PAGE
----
Business travel is set for a “blockbuster season” this autumn, fuelled by the return of conferences and increased internal travel to bring dispersed teams together.
That is according to the latest analysis from TripActions after the travel management company examined its forward bookings from 1 September through to 19 November, said that global travel bookings are up by nearly six times compared to the same period in 2021.
TripActions saw travel spending rise by 27 per cent in August after a “flat” summer for corporate bookings. This trend is set to continue through September with another projected increase of 30 per cent in bookings.
Bookings made in the EU also showed a similar “seasonal bump” with a fall of 20 per cent between June and July being followed by a 24 per cent rise in August. In the EMEA region, the top destinations for business travel this autumn are London, Paris and Lisbon, followed by Dublin, Rome and Barcelona.
As the travel industry moves out of the peak summer holiday period, flight prices are also falling in the US and Europe. Airfares are now at a lower level than in 2019 before the pandemic struck.
TripActions said flight prices within Europe have dropped by 47 per cent from the summer peak of £329 to £223 by the end of August. The average flight price for an internal EU flight was £225 in August, which was down from an average of £233 in August 2019.
The changing nature of work with more remote and dispersed workers is also reflected in the fact that bringing together “distributed” teams is now the number one reason for business travel. On and off-site team meetings now account for 38 per cent of business travel, compared with 33 per cent of trips for sales purposes, which had been the top reason for travel pre-Covid.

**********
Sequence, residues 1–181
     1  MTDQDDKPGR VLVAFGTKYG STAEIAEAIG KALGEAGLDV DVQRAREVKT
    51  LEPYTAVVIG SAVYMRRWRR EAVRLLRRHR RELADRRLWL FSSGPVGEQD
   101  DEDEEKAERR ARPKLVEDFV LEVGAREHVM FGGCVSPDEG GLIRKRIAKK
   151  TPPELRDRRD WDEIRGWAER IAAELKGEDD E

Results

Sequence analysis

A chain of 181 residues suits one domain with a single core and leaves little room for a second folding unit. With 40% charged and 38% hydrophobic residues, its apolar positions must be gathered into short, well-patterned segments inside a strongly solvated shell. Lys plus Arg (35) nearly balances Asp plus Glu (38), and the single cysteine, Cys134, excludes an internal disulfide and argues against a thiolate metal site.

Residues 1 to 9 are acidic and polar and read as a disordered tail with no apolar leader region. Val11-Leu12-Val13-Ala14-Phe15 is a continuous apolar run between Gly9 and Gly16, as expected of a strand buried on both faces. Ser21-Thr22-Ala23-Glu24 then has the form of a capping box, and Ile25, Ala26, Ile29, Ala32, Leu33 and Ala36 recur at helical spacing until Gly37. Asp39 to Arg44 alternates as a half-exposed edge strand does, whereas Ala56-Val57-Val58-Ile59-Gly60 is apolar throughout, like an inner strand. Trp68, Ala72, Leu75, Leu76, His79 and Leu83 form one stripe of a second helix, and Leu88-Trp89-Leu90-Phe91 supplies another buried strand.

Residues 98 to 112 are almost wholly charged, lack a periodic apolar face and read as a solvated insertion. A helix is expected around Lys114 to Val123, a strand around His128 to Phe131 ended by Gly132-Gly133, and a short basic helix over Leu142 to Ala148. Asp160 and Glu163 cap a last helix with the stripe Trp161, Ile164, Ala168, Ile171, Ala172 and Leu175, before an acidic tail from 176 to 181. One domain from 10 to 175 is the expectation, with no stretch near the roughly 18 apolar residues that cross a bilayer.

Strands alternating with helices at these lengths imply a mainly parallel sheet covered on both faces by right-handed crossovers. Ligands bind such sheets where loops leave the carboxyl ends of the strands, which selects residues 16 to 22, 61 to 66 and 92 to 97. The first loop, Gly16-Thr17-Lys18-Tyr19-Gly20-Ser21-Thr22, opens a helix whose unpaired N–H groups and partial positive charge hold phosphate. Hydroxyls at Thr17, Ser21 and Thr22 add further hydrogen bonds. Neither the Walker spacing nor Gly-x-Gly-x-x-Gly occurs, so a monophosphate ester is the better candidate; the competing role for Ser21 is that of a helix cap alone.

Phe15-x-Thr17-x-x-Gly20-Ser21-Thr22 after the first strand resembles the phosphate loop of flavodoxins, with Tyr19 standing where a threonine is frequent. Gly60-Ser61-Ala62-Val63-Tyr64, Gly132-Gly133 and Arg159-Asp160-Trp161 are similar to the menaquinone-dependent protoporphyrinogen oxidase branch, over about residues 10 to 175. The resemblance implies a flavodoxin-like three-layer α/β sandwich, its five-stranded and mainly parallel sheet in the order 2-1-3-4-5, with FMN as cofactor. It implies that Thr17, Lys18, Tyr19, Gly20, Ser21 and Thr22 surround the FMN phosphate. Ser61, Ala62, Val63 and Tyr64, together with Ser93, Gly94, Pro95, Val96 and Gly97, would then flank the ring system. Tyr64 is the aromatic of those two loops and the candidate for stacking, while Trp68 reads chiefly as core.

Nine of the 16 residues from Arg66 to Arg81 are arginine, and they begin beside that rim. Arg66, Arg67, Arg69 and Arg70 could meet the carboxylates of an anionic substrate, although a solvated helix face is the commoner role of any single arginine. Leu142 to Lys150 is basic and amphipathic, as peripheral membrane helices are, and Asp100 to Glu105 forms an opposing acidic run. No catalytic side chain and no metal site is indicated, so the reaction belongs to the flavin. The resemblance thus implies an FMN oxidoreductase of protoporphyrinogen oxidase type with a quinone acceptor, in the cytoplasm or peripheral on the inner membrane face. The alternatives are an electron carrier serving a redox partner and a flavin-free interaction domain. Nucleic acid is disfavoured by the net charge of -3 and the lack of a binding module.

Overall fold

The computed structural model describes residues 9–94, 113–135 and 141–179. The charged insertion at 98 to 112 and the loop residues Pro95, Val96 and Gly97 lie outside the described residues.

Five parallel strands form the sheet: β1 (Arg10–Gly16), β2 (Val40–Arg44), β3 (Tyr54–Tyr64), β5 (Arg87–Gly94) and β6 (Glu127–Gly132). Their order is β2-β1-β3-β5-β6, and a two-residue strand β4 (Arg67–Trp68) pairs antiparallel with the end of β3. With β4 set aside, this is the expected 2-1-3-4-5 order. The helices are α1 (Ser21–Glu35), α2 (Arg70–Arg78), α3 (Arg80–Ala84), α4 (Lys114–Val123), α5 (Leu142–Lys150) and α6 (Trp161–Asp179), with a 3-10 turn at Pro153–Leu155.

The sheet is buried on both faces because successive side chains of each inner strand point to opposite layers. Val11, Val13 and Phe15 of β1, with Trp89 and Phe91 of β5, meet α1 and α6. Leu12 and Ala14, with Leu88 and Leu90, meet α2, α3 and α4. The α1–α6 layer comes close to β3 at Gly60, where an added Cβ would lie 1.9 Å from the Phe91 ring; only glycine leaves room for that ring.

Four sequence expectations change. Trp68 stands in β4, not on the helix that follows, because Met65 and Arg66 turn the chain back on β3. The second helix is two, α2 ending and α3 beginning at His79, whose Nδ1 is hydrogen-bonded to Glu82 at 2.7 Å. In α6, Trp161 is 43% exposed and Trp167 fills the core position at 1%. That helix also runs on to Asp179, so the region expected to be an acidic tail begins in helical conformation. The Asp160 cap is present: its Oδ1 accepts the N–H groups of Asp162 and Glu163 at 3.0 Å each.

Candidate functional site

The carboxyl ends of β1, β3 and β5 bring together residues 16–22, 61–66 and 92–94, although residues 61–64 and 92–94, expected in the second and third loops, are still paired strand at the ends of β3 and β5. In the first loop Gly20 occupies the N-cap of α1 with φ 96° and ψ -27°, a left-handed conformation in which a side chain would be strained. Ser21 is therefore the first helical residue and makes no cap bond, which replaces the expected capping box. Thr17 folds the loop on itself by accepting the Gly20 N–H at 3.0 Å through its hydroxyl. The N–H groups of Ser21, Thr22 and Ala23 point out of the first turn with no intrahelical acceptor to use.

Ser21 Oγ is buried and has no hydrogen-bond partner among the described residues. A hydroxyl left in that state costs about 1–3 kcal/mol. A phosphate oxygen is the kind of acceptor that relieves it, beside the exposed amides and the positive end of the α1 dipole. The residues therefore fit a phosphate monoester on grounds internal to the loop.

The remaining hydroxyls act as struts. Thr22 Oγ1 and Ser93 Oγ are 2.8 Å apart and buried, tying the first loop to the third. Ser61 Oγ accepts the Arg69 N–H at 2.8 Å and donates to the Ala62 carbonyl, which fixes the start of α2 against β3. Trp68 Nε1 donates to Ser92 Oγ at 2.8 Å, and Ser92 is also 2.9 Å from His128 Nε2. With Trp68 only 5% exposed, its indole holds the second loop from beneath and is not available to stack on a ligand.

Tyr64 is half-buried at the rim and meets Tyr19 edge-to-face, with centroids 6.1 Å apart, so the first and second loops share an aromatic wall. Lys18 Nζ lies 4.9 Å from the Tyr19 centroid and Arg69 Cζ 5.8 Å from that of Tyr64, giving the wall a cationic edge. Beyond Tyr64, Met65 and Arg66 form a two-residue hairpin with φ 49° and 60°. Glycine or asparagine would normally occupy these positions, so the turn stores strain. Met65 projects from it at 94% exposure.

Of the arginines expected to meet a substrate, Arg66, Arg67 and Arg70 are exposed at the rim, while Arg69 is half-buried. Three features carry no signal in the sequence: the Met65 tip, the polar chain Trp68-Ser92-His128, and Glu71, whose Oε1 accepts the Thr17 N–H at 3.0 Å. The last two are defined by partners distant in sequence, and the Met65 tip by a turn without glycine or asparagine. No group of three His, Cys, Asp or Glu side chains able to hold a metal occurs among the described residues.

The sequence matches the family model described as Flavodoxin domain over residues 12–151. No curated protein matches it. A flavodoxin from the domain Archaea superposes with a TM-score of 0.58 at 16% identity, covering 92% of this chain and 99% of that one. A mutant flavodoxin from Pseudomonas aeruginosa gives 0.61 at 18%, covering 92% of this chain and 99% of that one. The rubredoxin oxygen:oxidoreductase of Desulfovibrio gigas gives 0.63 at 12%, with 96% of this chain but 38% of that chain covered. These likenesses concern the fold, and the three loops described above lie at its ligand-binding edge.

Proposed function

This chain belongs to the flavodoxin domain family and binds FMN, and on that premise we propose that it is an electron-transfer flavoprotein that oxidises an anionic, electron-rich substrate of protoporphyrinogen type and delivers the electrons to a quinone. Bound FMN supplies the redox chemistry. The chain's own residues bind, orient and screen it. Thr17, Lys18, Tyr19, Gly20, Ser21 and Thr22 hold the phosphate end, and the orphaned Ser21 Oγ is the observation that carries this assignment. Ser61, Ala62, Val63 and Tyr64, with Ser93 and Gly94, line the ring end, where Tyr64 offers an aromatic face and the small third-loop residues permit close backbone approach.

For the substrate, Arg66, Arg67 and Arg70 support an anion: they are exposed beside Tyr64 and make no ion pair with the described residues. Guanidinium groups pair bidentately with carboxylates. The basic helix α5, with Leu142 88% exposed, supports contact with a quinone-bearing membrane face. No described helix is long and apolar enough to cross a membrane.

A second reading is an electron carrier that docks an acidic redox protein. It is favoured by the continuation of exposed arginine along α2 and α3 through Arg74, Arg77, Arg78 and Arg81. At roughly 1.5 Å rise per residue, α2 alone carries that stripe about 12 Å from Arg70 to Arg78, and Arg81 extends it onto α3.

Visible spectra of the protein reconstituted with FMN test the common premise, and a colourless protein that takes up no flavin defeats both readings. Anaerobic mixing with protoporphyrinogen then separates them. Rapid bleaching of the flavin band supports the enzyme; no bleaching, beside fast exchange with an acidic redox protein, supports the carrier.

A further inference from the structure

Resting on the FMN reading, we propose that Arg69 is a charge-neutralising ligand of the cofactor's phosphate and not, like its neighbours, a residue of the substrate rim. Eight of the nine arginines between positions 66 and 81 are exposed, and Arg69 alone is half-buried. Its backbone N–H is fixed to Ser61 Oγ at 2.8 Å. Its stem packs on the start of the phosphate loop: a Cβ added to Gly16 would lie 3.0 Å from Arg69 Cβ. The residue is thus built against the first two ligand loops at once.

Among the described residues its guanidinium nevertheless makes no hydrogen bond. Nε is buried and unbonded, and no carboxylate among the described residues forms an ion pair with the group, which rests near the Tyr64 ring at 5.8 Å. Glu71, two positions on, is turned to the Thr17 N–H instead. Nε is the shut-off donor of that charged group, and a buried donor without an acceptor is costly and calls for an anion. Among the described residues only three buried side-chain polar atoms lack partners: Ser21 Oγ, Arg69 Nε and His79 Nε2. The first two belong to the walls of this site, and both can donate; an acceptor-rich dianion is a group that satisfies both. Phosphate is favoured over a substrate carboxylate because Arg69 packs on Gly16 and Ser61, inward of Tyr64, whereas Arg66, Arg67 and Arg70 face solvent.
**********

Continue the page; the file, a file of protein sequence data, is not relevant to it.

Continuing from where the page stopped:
“Today’s work models are by default global,” said Nina Herold, EVP and general manager of travel at TripActions. “How we’ve traditionally thought of road warriors is shifting – sales are still high priority but now we’re seeing customers place as much importance on team travel and strengthening culture as we do for sales wins.”
There is also more evidence of employees blending business and leisure trips with 35 per cent of bookings now including a weekend stay.
Nearly two-thirds of businesses globally (65 per cent) are planning to increase the amount they travel, including a rise in both the average number of travellers per company and average daily bookings.
Larger companies seem to be leading this latest stage of corporate travel’s recovery with the volume of their daily bookings rising by 24 per cent compared with pre-Covid levels, which equates to an average of an extra 3,300 bookings per year.
“Autumn is shaping up to be a blockbuster season for business travel, thanks to a combination of conferences, team off-sites and personal travel extensions,” said TripActions in its report.
“The purpose behind some trips may have shifted, and the typical traveller may now come from a different department. But based on TripActions’ booking and spending data, there’s no question that the enthusiasm for hitting the road has returned. Of course, these new patterns are far from settled and new developments are likely to appear.”